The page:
. . . at least not at the Rite Aid with a loud and chatty three year old. Hey, at home, I am all about transparency in farting. I like to try to teach the kids to excuse themselves but there’s a lot of gas being passed at our house and, quite frankly, a lot of—well-- traditions to maintain. Daddy-O is quite fond of having the kids pull his finger (our inquisitive six year old recently asked, “How does that actually work??”) and there’s always the “Doorknob” game (involves shouting “doorknob” and punching the person who farted without remembering to say the word “safety” or, as Mommy attempts to enforce, “excuse me.”)
Although sometimes at home, I opt not for “excuse me” myself but for the more direct, “I farted” which sometimes followed by the phrase “run away.” (“No, kids, trust me. You do not want to smell this. RUN. AWAY.”)
But we never deny. So I’m always surprised the first time one of my sweet little two year olds would answer, “did you toot?” with “I fink the dog did it.” It seemed to be a natural developmental stage they passed through since they certainly didn’t learn it from their Father or myself and it was before they started grade school.
After the “blame someone else” phase, they enter the several years long “blatantly deny” phase. How many times have I asked who needs to excuse themselves (and/or possibly need to go change their underpants) only to be met with innocent faces all protesting denial? I never lie about farting, why do they??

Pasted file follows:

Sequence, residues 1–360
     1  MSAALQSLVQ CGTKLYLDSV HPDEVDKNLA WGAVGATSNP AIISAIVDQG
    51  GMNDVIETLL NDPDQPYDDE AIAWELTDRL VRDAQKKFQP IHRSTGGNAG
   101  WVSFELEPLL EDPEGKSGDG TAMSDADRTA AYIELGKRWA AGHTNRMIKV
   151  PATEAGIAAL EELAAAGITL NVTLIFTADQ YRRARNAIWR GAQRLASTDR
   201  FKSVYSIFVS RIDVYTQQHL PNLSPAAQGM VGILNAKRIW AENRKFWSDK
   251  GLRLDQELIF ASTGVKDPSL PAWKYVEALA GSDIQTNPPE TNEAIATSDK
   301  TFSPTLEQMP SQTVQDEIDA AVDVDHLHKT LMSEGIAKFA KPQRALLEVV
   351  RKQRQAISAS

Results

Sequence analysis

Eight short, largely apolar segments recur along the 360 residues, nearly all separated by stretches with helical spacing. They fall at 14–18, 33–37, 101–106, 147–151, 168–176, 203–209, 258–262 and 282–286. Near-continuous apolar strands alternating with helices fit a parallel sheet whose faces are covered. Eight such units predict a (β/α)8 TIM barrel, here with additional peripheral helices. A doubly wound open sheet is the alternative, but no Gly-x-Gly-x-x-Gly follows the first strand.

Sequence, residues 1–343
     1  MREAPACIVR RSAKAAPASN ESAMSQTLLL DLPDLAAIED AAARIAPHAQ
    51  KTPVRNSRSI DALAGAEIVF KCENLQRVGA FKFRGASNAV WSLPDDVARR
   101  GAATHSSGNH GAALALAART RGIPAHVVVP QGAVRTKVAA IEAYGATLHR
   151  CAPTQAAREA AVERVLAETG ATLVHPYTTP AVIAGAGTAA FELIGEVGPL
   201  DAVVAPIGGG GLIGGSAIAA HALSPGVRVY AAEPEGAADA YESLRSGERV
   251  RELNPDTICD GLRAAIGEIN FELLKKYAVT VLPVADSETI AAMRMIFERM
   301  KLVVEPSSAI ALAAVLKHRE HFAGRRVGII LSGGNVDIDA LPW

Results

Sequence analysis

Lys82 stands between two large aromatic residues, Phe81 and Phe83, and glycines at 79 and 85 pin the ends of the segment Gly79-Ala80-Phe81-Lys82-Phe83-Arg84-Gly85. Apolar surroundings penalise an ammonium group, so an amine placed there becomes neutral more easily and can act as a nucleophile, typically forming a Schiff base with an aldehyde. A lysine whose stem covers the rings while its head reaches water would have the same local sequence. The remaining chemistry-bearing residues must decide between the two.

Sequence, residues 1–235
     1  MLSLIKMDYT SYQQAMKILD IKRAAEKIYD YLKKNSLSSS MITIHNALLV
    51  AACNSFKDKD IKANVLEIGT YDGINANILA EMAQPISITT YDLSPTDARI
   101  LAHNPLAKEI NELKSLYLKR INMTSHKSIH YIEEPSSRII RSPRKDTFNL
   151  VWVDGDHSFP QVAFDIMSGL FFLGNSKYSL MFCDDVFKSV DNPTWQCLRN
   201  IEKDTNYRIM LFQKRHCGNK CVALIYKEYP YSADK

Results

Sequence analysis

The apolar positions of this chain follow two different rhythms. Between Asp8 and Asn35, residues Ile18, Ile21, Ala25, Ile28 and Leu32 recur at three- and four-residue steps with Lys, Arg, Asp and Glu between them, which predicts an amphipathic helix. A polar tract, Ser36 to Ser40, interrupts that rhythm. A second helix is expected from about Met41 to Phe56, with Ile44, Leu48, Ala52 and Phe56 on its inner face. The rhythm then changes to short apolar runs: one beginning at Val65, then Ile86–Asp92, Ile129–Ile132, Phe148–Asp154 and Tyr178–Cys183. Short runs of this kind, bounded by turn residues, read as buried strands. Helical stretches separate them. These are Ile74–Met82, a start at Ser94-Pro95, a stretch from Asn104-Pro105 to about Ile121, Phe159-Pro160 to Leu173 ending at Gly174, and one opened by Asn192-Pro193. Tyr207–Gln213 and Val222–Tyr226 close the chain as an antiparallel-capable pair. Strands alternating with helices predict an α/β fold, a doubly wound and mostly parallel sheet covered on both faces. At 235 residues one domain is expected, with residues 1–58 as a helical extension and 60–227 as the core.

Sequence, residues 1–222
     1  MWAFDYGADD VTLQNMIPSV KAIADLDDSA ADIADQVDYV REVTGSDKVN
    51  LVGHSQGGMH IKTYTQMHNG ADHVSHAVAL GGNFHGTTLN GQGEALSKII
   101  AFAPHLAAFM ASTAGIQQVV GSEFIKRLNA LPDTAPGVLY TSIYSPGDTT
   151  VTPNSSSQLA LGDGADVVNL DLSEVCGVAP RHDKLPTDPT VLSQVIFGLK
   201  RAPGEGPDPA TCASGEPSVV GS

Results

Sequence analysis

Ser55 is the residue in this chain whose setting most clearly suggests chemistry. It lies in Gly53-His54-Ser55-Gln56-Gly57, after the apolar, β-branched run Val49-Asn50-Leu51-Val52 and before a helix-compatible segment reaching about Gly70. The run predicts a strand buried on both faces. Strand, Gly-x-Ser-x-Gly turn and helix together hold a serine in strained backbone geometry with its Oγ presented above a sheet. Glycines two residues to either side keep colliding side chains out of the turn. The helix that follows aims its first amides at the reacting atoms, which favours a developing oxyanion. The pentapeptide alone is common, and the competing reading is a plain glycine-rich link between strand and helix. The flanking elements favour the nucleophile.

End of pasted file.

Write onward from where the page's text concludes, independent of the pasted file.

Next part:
Okay. Fine. There was that one time in Rite Aid. It was a quick stop for two items that were apparently to be found in opposite corners of the store. As we hightailed it from one end to the other I’ll admit (now) that I let out what can be referred to as a SBD (silent but deadly) and tried to quickly hurry my three year old along away from the stench and towards our destination. Naturally, she smelled it and shouted, “WHO FAHTED?”
I tried to shush her and get her to move on but of course she again shouted, “WHO FAHTED, MOMMY? I FINK IT WAS DAT MAN OVER DERE.” Clearly she was not going to let it drop. As a mother who values honesty and good manners, I got down on my knees, looked her in the eye and said . . . “I really don’t know who farted.”
She stared at me and said nothing. Was she on to my ruse? I continued, “We don’t know who farted and it’s not important. It’s really not polite to keep shouting about it at the store like this so please let’s be quiet and get what we need so we can go.”
She continued staring me in the eye and said, “Actually, it was me.”
Knowing full well it wasn’t her, I hid my smile, stood back up and said the only thing I could think to say in this situation.
“Well then. If you farted, what do you need to say?”